Through the use of dialogue, music, chant, dance, pantomine and image, the play satirizes attitudes toward the Viet Nam war. It attempts to present the very complicated, tragic, and helplessly divided atmosphere that prevails in America, and to look at hapless emotions in a hopelessly complex mythology of war. With the technique of "transformations" the play unfolds. People change from flowers to individuals to machines, from one character to another, from character into actor into bystander and back to character or abstract image or comment; women change to men and back to women again. Americans change into Vietnamese into Viet Cong and back to American soldiers. The line of the play follows several soldiers from birth, to induction, to indoctrination, to overseas, to battle, to fraternization and to death. Along the way we meet their mothers, their instructors, their superiors, their elected officials, their friends and their enemies, their tormentors and finally their ghosts. A strong ensemble spirit emerges via the actors' technique and interaction with one another and with the audience. The form of the play is constructed so as to manifest the reality of theatre—not as a replica of or comment upon life but as a part of life—and thus restore its urgency and relevance.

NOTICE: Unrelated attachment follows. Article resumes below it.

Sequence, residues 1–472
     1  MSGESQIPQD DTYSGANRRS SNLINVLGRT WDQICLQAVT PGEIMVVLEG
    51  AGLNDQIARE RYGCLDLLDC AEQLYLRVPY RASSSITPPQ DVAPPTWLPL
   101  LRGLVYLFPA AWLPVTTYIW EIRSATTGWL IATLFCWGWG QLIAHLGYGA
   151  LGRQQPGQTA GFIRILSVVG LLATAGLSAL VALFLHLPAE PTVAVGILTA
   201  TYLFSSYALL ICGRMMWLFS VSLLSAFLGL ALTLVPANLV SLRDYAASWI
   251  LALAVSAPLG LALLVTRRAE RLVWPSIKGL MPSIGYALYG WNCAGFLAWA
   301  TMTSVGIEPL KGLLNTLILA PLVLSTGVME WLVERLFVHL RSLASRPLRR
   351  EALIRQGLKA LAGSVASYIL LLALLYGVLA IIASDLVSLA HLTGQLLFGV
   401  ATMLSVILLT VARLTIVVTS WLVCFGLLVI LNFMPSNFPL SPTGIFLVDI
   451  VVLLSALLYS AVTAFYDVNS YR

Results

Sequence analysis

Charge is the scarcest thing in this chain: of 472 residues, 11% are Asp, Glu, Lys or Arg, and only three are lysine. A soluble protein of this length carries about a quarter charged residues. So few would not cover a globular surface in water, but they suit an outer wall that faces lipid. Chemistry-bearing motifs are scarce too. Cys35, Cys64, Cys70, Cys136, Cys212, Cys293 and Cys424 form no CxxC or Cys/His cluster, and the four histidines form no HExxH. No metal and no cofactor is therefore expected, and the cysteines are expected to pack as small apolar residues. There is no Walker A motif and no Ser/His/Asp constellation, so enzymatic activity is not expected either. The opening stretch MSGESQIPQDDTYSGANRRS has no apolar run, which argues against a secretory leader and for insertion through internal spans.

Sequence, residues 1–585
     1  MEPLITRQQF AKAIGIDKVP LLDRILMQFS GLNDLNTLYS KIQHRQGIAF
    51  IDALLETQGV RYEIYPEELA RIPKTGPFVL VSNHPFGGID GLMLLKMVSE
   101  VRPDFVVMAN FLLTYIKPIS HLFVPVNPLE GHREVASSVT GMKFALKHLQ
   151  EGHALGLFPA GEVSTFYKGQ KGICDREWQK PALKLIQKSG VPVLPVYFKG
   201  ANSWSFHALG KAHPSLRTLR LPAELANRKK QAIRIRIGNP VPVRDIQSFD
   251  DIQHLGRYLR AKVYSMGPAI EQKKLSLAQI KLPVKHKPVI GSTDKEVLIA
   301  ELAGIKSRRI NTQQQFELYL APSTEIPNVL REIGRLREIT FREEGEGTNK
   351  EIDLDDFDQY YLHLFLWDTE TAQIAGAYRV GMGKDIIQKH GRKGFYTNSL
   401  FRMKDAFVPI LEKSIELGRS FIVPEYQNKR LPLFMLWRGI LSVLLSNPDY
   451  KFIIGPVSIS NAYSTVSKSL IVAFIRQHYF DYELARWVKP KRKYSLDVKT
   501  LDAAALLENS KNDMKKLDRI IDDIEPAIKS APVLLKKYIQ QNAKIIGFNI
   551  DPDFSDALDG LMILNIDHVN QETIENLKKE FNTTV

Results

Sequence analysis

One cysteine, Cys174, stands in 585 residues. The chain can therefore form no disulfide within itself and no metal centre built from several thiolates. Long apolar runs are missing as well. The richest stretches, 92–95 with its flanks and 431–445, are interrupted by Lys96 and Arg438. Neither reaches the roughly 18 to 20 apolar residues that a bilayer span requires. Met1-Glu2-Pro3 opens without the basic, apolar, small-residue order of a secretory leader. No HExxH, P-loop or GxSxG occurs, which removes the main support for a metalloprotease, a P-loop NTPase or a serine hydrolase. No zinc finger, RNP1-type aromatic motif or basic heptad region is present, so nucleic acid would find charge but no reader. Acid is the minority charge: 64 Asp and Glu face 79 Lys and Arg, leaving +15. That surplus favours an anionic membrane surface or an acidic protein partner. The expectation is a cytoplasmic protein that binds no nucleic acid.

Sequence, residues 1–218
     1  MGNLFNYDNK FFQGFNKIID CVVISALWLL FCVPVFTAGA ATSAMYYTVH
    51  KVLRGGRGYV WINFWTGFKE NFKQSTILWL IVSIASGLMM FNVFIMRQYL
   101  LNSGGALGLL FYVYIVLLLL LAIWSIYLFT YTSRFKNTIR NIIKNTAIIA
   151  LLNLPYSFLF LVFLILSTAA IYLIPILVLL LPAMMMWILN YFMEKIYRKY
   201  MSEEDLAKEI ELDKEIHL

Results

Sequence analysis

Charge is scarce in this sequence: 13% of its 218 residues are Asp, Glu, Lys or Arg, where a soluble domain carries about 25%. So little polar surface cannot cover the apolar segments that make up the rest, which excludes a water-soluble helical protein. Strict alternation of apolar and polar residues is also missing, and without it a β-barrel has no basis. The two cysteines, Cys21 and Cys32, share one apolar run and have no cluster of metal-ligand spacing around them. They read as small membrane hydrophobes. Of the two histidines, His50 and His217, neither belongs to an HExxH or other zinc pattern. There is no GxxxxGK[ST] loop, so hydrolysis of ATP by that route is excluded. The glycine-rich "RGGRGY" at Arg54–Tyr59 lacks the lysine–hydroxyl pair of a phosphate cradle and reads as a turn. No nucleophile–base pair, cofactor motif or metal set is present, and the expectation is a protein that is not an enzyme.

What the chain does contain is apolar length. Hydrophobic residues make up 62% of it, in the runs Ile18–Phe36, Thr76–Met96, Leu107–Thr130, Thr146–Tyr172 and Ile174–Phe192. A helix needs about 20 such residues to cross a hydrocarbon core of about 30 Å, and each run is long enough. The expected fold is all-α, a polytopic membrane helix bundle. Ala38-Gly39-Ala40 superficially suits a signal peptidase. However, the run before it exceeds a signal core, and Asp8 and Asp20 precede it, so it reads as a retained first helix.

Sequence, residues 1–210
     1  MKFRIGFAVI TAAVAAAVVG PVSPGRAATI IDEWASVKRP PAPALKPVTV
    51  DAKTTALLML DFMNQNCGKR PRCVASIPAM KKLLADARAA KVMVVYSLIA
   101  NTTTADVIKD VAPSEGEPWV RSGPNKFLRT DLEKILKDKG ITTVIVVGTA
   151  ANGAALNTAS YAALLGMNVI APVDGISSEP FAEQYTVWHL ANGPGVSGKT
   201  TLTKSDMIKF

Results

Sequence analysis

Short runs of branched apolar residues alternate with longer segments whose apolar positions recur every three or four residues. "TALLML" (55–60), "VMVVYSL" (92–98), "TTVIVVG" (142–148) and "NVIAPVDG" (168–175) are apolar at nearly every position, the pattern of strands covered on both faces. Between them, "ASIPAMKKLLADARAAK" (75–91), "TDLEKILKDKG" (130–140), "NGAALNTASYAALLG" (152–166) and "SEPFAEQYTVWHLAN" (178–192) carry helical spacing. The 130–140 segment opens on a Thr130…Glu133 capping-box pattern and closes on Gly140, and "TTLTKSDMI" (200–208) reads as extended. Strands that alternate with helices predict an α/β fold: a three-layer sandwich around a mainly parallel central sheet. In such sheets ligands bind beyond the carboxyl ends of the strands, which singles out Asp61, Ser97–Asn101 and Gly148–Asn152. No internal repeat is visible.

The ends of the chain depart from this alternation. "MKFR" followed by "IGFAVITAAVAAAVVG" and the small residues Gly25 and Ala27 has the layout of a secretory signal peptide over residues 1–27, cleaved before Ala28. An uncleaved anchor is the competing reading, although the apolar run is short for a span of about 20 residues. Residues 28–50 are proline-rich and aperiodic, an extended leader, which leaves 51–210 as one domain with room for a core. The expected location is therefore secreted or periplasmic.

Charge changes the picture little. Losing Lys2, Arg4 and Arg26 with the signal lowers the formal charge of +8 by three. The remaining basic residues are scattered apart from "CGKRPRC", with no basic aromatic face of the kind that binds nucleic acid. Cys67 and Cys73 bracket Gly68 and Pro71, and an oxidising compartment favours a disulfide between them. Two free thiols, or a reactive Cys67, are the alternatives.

"Bound together in an overall rhythm of movements, words, sounds, humanity, cinematic exposure." - Kvallsposten (Stockholm).